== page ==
VIP abuse accuser faced £70,000 debts before making allegations, court told
The man accused of lying about a Westminster VIP paedophile gang faced household debts of £70,000 the year before he made his allegations to police, and was later paid £22,000 in criminal injuries compensation, a court heard.
Carl Beech, 51, used almost half of the Criminal Injuries Compensation Authority (CICA) money as a down payment for a £34,000 Ford Mustang, Newcastle Crown Court heard.
Jurors were also told that he had a £30,400 motorhome repossessed in 2013, and even after it was sold he remained £6,000 in debt to the credit firm, which he was paying off at £100 a month.
The former nurse from Gloucester denies a fraud charge relating to his CICA claim, in which he said he had been physically, sexually and emotionally abused by his stepfather, who “gave” him to a group of 20 paedophiles.
He also denies 12 counts of perverting the course of justice relating to those allegations in which he named senior figures.
Financial investigator Nolan Robinson carried out analysis of the defendant’s bank accounts for Northumbria Police.
Mr Robinson said that in 2010 Beech’s monthly salary from Gloucester Hospitals was between £2,600 and £2,900.
His ex-partner Dawn has said their combined debt in 2011 was in the region of £70,000, and she will explain to jurors how she calculated that figure, the court heard.
Mr Robinson said the pattern for Beech’s spending was for him to be paid his salary, to cover some direct debits and to withdraw the remainder in cash, sometimes going overdrawn, and so occasionally being unable to satisfy other direct debits.
He received £19,425 in redundancy from the hospital trust in 2011, some of which was used to cover credit card bills.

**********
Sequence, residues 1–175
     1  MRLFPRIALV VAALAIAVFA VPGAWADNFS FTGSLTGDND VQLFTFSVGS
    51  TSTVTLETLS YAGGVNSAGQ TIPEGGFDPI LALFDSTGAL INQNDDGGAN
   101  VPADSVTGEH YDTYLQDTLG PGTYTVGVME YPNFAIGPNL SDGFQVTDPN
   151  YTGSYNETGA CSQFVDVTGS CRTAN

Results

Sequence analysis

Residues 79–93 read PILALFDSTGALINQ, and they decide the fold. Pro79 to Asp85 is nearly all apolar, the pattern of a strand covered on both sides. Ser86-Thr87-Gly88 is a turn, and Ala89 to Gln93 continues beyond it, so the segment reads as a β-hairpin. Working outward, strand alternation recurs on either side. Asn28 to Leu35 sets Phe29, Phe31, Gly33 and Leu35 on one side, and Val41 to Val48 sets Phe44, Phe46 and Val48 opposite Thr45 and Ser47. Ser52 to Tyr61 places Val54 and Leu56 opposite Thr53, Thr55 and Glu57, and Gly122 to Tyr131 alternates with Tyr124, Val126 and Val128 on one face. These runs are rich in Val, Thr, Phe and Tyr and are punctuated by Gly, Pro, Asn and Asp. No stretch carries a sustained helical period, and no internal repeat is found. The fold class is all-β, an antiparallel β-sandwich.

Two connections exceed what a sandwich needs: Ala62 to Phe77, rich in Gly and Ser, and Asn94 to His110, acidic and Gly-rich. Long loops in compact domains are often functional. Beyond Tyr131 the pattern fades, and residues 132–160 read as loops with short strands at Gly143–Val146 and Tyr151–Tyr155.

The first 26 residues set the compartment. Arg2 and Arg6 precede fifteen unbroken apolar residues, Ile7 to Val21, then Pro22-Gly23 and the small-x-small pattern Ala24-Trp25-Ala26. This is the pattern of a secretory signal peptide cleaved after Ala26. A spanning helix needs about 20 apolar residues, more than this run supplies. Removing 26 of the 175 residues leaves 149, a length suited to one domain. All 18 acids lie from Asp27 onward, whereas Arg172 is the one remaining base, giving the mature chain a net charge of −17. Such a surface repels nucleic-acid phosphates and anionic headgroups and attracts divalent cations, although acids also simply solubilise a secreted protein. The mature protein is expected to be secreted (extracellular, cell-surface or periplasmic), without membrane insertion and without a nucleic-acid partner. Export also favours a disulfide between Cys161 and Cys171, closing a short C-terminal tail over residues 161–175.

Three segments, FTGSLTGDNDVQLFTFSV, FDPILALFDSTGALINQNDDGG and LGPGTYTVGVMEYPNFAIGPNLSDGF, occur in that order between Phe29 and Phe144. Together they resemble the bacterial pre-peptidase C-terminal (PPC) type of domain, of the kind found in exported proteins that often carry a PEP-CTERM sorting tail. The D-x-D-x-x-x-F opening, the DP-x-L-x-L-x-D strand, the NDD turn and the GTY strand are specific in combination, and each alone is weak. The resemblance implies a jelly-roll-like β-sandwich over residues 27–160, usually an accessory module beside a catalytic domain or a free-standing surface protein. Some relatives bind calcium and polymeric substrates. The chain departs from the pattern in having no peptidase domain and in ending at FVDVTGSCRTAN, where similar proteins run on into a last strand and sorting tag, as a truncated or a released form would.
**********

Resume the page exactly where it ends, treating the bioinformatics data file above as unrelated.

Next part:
His first monthly salary payment from the Care Quality Commission in February 2012 was for £3,812, the court heard, and shortly after his bank balance was just £2.
His CICA payment was received in April 2015 and Mr Robinson said about £4,000 went on living expenses and he put £16,000 in a savings account.
In November that year he used £9,750 of those savings as a down payment on the Ford Mustang from Bristol Street Motors, with a finance agreement covering a further £24,000 for the white convertible.
Earlier, the court heard how Beech (pictured) applied for the CICA payment in 2013, then complained at the length of time it took for his application to be processed.
In his online application he said he had been abused over nine years between 1975 and 1984.
He wrote: “My stepfather started to physically and sexually abuse me from the age of seven and then gave me to a group of men who continued to hurt me until the age of 15.”
He said he did not initially report the abuse due to fears for his safety, but later gave videoed witness statements to Wiltshire Police in 2012 and later to the Metropolitan force.
The court heard Beech claimed the late Jimmy Savile may have been one of his abusers, and there was some delay to his CICA payment as the organisation queried whether he had applied for damages to the disgraced TV presenter’s estate.
In one of his complaints about the hold-up, Beech wrote to the CICA saying: “I have not been able to pay my counsellor for a long time because I just cannot afford it.
“The CICA was supposed to help victims of crime, not make things worse.”
The trial continues.
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